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Celebrating the Earth: Planting a Tree

Celebrating the Earth: Planting a Tree

By Emma DayBranch
April 21, 2014

The celebration of Mother Earth, although undoubtedly something that should be practiced every day, is made official this Tuesday with Earth Day. This international holiday was first held on April 22nd 1970 and was the result of a campaign for clearer, cleaner air. Incidentally, the Environmental Protection Agency was created as a part of the solution that same year. Now, Earth Day is an internationally recognized event. This year, demonstrations and activities from tree planting in Ghana to tree planting in Moldova to even tree planting here in St. Lawrence County - Ah! Would you look at that! Although certainly there are many ways to celebrate Earth Day, and countries, towns and citizens exemplifying that, clearly there is something powerfully universal and enduring in the planting of a tree. I certainly found it to be so. 

 An Earth Day MarchTree planting on Earth Day

 

Mine was an apple named Freedom. She stood about 7 feet tall and came in a bundle of friends looking like a giant witch's broom. She arrived with her father, a local tree wizard, Bill Mckently, who had grafted her himself. He showed us the healed scar just two inches above the root structure. The scar resembled a z and described where his practiced hand had cut one apple root stock and bound it with another in a seamless motion he performed in a matter of seconds. The joining takes the qualities of survival found in the root and gives them an edible sweet name like Freedom, McIntosh, Johnny, Paula Reds, Sweet Sixteens and the adored North Country classic, Honey Crisp.

 Apples

The late afternoon sun caramelized the tops of our heads pooling on our necks and cheeks as we walked up the hill. The sky was seamless and blue with only the faint strains of St. Lawrence Spring Fest to remind us we weren't in heaven. There were a dozen of us ranging along the slope squinting to visualize the tree wizard's description of natural water flow and land contours. Soon we had a gently meandering line of stakes ranging along two hundred feet. The air got sweeter and the shadows longer as we dug two foot by two foot holes. Bill showed us how to use a tarp to create three piles of dirt. One was the turf top, one contained top soil and finally the last was deeper subsoil. These piles would be reversed while planting the tree.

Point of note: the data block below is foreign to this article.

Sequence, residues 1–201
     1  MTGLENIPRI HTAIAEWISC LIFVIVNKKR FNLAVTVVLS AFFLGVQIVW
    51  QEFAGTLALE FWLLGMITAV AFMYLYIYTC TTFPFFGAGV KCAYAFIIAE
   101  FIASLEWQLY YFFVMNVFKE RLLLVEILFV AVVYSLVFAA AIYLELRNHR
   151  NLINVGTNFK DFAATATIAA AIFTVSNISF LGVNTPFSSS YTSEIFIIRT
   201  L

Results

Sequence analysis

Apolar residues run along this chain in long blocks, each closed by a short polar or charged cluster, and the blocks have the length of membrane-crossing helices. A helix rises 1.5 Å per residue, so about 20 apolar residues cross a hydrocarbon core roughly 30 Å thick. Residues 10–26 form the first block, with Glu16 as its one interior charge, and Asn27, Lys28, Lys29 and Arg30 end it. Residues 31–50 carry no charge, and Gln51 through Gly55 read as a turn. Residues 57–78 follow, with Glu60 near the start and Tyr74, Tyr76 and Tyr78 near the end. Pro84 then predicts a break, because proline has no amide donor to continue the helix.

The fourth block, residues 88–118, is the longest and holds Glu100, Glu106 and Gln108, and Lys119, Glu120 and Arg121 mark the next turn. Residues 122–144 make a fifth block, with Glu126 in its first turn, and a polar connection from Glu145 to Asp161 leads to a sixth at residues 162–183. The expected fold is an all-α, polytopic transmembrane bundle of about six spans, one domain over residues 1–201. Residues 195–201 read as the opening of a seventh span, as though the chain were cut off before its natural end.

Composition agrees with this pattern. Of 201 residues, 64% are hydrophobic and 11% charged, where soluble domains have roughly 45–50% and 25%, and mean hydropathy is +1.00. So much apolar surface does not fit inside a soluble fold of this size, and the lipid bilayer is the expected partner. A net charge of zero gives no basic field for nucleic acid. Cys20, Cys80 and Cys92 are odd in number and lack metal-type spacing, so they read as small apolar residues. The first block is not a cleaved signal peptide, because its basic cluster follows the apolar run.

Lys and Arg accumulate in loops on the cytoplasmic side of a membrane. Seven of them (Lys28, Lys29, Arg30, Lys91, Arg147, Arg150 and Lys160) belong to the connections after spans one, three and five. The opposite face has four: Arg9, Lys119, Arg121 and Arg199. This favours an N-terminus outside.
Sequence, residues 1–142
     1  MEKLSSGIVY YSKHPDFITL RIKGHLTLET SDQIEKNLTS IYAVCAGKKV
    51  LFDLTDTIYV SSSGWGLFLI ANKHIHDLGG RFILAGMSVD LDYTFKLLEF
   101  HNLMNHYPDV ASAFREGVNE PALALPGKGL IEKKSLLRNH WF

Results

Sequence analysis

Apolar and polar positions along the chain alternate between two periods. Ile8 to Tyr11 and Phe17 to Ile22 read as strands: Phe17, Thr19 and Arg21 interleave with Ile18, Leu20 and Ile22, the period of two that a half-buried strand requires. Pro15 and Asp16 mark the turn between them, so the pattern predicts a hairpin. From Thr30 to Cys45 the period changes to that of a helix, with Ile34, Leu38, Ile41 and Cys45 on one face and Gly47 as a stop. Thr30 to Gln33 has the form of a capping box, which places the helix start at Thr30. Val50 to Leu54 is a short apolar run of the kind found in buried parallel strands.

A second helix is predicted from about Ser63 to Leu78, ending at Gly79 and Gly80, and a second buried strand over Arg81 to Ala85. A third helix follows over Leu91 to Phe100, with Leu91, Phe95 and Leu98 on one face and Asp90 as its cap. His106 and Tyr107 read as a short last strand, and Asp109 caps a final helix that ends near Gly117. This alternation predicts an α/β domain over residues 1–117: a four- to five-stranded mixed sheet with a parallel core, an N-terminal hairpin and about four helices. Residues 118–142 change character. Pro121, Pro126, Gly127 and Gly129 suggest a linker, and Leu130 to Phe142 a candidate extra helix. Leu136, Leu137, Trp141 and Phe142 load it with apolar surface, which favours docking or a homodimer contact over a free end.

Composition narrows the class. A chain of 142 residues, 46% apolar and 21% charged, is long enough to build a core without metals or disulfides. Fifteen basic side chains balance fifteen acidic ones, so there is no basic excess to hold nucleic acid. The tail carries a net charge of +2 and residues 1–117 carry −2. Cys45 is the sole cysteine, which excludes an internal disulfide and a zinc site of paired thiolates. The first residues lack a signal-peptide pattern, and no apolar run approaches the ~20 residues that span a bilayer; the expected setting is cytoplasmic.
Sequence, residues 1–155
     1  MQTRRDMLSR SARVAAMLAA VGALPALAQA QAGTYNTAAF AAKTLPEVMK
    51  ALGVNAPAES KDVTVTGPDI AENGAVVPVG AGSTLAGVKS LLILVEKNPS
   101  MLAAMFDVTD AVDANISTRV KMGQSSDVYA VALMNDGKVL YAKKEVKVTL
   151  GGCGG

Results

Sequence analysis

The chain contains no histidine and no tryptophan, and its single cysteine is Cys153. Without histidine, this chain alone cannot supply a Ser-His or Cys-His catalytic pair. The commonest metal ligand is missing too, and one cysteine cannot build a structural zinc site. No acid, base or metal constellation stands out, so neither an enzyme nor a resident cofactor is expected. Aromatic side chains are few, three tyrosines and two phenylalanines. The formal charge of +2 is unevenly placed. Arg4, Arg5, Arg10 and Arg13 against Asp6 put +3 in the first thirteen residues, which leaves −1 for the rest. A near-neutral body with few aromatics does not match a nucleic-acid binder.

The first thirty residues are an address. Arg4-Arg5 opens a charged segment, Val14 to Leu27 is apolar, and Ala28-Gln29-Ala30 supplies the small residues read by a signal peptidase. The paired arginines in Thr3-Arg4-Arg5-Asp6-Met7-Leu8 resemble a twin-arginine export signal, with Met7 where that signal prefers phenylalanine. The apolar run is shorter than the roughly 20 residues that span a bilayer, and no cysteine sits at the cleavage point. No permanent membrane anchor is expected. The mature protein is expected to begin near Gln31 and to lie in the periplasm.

Bill explained that the top soil can always be enriched with compost, but this was our only chance to help out the root soil. It was our job to bring the stuff closest to the sun, the green stuff, to the roots. So the turf pieces were packed into the bottom with increased nutrients for our tender tree roots. It was important to nestle the tree roots down into the hole with the largest roots pointing west to establish a strong root system in the same direction as the strong winds. This will combat any tendencies for leaning. Then we used the power of our heels to pack in the earth of first the top soil and finally the less nutrias subsoil around the tree trunk.  

 

As the sun climbs down into the tree tops and the whisper of a chill comes into the air, our three apple and two pear saplings stand proudly in their crooked smiling line. Thin legs standing in soil dishes mounded to catch the water run-off from the higher ground. For now, the wet rings around their trunks are from our hauled water buckets. Wire mesh encircles each sapling's trunk while lanky arms stretched up free to embrace the blue sky. Glancing out the kitchen window, we will hardly make out their slim forms on this key line. 

 

With a weekend of fair weather behind us, spring has finally arrived in the North Country. Earth Day is a great time to celebrate spring, create something beautiful, clean up a river, pick up some trash, or plant a tree!

By Emma DayBranch
Canton, New York

An art student at St. Lawrence University and a Nature up North intern, Emma hails from the green foothills of Maine. She has a long practice of building fairy houses in all kinds of ecosystems although says, "Mossy stream beds are the preferred host sight as the bryophytes provide ethereal atmosphere and the streams bubbling laughter." She loves the natural world, particularly climbing trees, and exploring the woods while imagining she is Sacajawea. Her recent exciting nature adventure has involved moonlight cross-country skiing and snow dancing. Emma looks forward to the spring time because it means she can get back to muddy knees and chipped nails from her community gardening projects.

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